If the stock price rises past the option's strike price, the option buyer can exercise the right to buy the stock at the lower strike price and then sell it for a higher price on the open market, thus generating a profit. Option buyers may also choose to sell the call option itself in the open market to close out positions that are profitable. 

3. Long ETFs

Most ETFs follow a particular market average, such as the Dow Jones Industrial Average (DJIA) or the Standard & Poor's 500 Index (S&P 500), and trade like stocks. Investors might buy an ETF if they expect the market it follows to rise. For example, if the S&P 500 rises 10%, an ETF based on the index will rise by approximately the same amount.

Generally, ETF transaction costs and operating expenses are low, and they require no investment minimum. ETFs seek to replicate the movement of the indexes they follow, less expenses.

One of the most famous U.S. bull markets began in 1982 and lasted until 2000. The Dow stood at 776.82 on Aug. 12, 1982. In January 2000, it peaked at 11,722.98.

How to Spot Bear and Bull Markets

Markets trade in cycles, which means most investors will experience both bull and bear markets. The key to profiting in both market types is to try to spot reversals (when the markets are topping out or bottoming). Those are ideal places for investors to enter (or exit) positions.

The Advance/Decline Line

One way to figure out tops and bottoms is by studying the advance/decline line. The advance/decline line charts the number of advancing issues divided by the number of declining issues over a given period. A number greater than 1 is considered bullish, while a number less than 1 is considered bearish.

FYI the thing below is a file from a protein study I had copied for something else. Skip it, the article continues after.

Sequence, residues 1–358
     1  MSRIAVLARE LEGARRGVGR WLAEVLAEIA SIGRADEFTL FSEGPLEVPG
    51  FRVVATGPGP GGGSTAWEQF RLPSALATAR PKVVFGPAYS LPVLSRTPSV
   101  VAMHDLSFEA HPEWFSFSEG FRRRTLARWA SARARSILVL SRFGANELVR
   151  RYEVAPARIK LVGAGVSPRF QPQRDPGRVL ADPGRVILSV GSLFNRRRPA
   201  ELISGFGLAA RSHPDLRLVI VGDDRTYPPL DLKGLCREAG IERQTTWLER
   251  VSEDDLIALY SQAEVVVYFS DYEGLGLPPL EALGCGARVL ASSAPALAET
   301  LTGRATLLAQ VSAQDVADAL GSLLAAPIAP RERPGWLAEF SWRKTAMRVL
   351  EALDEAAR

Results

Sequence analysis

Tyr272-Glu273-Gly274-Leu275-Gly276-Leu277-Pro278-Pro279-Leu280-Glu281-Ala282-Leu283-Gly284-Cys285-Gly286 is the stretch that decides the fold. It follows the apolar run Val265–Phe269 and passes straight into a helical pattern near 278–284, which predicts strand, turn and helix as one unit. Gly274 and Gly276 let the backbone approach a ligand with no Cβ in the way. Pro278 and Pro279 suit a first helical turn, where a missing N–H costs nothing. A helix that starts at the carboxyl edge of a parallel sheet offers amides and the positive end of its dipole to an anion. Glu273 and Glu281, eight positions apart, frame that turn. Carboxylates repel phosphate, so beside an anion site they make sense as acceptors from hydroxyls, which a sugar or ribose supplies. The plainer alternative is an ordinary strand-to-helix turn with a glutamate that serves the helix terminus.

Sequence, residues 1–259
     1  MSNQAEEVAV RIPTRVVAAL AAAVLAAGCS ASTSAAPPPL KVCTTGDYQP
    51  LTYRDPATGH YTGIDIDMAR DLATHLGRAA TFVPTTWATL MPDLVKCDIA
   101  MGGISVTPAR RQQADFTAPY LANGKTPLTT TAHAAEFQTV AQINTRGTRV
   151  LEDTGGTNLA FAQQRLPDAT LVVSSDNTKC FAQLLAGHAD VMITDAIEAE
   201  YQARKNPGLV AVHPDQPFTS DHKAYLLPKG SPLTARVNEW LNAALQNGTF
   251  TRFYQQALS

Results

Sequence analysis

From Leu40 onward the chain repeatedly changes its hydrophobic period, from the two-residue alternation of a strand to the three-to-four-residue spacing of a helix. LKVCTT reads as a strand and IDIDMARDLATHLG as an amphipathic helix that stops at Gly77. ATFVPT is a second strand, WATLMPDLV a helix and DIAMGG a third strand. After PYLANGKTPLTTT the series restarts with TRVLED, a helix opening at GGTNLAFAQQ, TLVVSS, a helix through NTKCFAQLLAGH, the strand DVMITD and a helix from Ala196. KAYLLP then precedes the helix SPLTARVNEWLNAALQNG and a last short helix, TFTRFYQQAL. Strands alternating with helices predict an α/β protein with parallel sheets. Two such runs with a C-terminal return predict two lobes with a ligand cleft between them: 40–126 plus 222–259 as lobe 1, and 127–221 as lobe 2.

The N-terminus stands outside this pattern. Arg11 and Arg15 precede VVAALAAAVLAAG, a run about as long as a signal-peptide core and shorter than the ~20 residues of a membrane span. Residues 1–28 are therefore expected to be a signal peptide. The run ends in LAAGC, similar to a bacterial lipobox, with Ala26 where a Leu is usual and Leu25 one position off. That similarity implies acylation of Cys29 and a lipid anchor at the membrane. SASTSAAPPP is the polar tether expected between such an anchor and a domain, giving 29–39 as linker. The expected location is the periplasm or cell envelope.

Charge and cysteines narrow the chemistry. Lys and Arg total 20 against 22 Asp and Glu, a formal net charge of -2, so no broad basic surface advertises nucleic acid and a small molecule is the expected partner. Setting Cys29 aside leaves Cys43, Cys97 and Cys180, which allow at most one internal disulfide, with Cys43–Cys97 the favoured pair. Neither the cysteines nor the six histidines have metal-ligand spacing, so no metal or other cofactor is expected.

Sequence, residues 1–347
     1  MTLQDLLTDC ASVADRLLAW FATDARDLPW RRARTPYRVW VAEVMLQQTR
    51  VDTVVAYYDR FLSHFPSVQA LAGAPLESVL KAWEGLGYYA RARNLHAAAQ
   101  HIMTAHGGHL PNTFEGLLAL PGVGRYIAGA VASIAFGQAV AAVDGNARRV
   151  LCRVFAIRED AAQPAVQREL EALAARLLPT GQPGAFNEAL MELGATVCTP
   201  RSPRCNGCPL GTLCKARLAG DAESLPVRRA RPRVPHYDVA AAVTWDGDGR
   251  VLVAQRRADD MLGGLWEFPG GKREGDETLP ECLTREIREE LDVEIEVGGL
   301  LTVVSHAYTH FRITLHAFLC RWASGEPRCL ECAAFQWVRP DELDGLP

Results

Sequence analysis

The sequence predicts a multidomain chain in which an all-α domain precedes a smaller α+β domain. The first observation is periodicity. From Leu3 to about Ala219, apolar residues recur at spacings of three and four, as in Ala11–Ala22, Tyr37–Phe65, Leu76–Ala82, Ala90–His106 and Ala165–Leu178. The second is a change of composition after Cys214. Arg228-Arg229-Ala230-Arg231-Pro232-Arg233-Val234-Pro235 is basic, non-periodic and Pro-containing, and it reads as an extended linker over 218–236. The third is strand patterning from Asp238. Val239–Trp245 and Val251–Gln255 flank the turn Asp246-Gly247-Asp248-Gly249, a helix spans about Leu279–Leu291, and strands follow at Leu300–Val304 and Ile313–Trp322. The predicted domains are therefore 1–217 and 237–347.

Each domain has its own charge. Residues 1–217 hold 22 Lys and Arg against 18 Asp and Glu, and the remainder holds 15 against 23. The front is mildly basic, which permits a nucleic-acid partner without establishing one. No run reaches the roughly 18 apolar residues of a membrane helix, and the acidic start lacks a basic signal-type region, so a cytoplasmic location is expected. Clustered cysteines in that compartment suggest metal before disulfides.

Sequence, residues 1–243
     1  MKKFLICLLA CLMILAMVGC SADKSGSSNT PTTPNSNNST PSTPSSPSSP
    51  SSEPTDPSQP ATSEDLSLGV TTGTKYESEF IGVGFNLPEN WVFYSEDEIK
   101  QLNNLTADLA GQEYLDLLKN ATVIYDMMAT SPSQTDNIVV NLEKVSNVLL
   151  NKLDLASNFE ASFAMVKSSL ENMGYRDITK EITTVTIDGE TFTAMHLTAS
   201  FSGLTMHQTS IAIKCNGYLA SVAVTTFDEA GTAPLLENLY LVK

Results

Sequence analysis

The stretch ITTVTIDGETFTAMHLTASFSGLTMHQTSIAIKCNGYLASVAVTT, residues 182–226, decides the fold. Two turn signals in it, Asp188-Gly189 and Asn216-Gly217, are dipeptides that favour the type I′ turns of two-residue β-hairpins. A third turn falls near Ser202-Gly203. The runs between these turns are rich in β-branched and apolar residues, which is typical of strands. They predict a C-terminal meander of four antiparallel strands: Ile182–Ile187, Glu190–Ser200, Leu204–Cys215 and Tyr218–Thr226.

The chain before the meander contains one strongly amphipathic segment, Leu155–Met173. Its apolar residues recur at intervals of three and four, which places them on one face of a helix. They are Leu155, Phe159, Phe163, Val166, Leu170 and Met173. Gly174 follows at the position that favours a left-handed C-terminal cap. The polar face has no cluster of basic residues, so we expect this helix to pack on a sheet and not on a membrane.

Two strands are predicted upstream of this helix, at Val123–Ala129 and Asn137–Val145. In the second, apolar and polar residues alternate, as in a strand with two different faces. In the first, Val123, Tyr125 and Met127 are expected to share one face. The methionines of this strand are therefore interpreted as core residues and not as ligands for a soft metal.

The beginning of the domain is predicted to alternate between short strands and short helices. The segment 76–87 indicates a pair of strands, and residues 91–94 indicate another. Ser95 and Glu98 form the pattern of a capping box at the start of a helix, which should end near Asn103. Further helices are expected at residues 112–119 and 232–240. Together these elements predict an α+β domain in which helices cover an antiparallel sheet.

A rising line confirms the markets are moving higher. However, a declining line during a period when markets continue to rise could signal a correction.

A line that's been declining for several months while the averages continue to move higher could be considered a negative correlation. A major correction or a bear market may be likely. An advance/decline line that continues to move down signals that the averages remain weak.

However, if the line rises for several months as the averages have moved down, this positive divergence could mean the start of a bull market.

The advance/decline line is just one of the many indicators that can help you determine the trend.

What's a Bear Market?

A bear market is one in which the prices of the securities in that market decline over a period of time (considered by many to be two months). The Securities and Exchange Commission asserts that market prices should decline by 20% during this period in order to earn the label of bear market.

What Does Go Long Mean?

The term go long simply means to buy a security. If you go long 100 shares of ABC stock, that means you've bought those 100 shares. You've entered a long position. The opposite of a long position is a short position. That means that you've shorted, or sold, a security.

Do I Lose Money in a Bear Market?

Only if you sell. It's true that your account can lose value. However, if you are able to hold on to your investments during a bear market, they can regain their previous value (and potentially gain more) as the bear market reverses and prices climb back up. This can be a challenge for many investors. Some people need their funds. Or, fear overcomes the fortitude required to hold positions that are losing value.

The Bottom Line

There are many ways to profit in both bear and bull markets. The key to success is matching the right investment tools to each market and using them to their full advantage. Short selling, put options, and short or inverse ETFs are a few bear market investments that allow investors to profit from market weakness. Long positions in stocks, ETFs, and call options are suitable for bull markets. 

In addition, it is important to use indicators to spot when bull and bear markets may be beginning or ending.

Article Sources
Investopedia requires writers to use primary sources to support their work. These include white papers, government data, original reporting, and interviews with industry experts. We also reference original research from other reputable publishers where appropriate. You can learn more about the standards we follow in producing accurate, unbiased content in our editorial policy.
  1. Investor.gov. "Bear Market."

  2. Investor.gov. "Bull Market."